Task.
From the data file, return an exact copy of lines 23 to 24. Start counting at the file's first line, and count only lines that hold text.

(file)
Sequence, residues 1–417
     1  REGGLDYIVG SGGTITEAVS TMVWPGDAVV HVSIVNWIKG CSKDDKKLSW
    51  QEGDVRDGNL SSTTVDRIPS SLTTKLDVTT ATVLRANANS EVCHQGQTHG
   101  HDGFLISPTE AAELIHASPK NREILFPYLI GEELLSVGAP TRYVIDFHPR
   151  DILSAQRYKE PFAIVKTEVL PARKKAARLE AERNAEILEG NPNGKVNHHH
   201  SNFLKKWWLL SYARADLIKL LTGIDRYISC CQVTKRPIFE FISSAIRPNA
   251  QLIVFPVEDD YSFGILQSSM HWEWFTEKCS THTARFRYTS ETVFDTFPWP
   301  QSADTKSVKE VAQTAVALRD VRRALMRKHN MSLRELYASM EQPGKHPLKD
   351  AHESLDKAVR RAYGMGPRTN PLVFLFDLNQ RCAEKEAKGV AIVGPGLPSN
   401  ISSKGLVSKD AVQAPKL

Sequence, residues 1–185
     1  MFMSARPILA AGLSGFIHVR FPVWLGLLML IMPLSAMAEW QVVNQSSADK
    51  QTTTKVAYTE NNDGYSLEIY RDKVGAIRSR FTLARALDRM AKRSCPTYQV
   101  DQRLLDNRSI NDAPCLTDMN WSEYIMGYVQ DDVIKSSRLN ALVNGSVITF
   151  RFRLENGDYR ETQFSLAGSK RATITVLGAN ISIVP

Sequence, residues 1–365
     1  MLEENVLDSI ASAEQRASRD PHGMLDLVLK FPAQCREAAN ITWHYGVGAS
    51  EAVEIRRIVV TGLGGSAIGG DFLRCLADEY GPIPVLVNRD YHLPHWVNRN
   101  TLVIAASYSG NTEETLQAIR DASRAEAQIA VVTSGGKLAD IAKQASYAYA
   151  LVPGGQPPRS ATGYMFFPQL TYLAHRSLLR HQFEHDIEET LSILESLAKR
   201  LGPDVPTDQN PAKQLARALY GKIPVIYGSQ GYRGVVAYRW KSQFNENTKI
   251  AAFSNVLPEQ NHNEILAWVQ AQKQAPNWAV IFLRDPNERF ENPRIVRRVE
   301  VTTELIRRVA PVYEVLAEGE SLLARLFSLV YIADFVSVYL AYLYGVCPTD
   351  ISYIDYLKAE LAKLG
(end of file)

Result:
   301  VTTELIRRVA PVYEVLAEGE SLLARLFSLV YIADFVSVYL AYLYGVCPTD
   351  ISYIDYLKAE LAKLG